Castro releases lead proposal following trip to Flint

Presidential hopeful Julián Castro, June 8, 2019 | Derek Robertson

After his weekend trip to Flint, former U.S. Secretary of Housing and Urban Development Julián Castro has released a plan to “eliminate lead poisoning as a major public health threat.”

Castro’s plan would encourage Congress to appropriate $5 billion per year over a 10-year period for lead mitigation efforts, enact a tax credit to remove lead in homes, and mandate lead testing for any building constructed before 1978, among numerous other measures.

As the Advance reported, Castro on Saturday visited a water distribution site in Flint before holding a town hall at Our Lady of Guadalupe Church on the city’s Northwest side. He fielded questions from residents about health care, education and the aftermath of the Flint water crisis.

Julián Castro 1st of 2020 Dems to visit Flint

“There’s clearly been some progress, but there’s still a lot that needs to be made in terms of water infrastructure. … There’s also very clearly a tragic loss of trust between the community and some of their government officials,” Castro told reporters after the town hall.

“That affects quality of life for people in Flint, because … many people still don’t believe the water is safe to drink, and that’s like a cloud that hangs over the community.”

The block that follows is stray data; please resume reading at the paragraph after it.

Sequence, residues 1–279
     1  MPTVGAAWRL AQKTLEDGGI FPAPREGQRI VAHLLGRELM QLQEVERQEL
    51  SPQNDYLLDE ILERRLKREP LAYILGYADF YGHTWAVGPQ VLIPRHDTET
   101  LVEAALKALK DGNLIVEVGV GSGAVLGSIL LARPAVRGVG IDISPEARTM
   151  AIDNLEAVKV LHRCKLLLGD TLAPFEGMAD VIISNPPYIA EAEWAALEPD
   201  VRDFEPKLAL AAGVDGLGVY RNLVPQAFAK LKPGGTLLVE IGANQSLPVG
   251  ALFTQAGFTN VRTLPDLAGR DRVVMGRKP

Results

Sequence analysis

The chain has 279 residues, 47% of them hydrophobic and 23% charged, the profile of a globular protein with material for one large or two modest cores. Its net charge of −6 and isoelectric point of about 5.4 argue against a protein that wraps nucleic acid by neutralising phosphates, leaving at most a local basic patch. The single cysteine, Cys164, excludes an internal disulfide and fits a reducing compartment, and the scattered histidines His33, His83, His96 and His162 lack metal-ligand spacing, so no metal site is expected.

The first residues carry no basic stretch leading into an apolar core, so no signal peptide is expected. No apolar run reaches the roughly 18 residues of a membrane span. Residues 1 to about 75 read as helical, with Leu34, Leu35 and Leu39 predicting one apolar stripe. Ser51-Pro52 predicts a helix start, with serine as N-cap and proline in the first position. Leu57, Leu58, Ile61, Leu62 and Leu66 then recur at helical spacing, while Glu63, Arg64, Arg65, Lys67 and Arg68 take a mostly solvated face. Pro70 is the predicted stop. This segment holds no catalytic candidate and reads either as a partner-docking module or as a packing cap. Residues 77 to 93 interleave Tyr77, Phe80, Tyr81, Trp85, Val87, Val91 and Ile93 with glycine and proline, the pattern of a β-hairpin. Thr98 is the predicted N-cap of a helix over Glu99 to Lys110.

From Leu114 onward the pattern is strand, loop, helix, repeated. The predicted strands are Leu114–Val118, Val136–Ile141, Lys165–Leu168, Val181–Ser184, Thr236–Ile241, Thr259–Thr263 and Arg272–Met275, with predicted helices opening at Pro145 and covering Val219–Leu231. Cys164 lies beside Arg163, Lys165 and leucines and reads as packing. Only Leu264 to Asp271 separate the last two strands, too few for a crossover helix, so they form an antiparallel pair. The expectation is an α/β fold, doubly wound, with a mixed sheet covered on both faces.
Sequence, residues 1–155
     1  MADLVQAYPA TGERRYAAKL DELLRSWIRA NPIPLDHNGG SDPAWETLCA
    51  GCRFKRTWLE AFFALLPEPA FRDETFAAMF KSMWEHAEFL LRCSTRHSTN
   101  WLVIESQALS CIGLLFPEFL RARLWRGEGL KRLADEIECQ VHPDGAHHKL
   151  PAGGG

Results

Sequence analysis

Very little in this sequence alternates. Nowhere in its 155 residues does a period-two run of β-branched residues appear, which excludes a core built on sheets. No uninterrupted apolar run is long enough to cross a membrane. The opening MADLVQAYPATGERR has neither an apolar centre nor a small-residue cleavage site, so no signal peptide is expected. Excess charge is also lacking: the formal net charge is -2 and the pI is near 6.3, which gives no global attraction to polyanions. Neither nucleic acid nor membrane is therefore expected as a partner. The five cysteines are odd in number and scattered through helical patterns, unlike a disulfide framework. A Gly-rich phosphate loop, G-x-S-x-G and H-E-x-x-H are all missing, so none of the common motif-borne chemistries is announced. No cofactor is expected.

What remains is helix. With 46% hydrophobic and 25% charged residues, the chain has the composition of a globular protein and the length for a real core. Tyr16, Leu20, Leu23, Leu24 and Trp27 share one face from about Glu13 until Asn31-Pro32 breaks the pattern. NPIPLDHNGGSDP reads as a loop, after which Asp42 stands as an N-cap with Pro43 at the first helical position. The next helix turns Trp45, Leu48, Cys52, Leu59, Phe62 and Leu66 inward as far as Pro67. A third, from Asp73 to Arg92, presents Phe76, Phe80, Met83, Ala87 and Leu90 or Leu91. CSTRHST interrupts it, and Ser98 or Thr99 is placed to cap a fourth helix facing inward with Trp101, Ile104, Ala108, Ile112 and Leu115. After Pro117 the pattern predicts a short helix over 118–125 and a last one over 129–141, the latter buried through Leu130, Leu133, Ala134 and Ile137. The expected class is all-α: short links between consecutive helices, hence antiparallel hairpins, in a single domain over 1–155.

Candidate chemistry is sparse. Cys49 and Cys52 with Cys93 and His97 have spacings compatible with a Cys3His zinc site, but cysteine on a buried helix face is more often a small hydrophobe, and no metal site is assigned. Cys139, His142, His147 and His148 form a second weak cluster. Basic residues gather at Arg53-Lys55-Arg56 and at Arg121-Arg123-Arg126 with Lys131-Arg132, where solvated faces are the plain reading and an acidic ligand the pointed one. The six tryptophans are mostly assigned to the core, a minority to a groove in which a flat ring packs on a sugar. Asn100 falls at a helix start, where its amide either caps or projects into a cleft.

Flint water plant | Nick Manes

Castro was the first, and so far only, of the Democratic primary candidates to visit Flint. He currently averages less than 1% in the RealClearPolitics national average of polling, but has qualified to appear in this month’s primary debates.

“Lead poisoning is linked to irreversible health problems and developmental challenges that follow a child into adulthood,” the Castro campaign wrote in a statement announcing his lead mitigation plan.

“Every child in every neighborhood should have the gift of their full abilities. Let’s make it happen.”

Derek Robertson
Derek Robertson is a former associate editor of the Advance and is now a freelance writer in Chicago. Previously, he wrote for Politico Magazine in Washington. He is a Genesee County native and graduate of both Wayne State University, where he studied history, and the Medill School of Journalism at Northwestern University.

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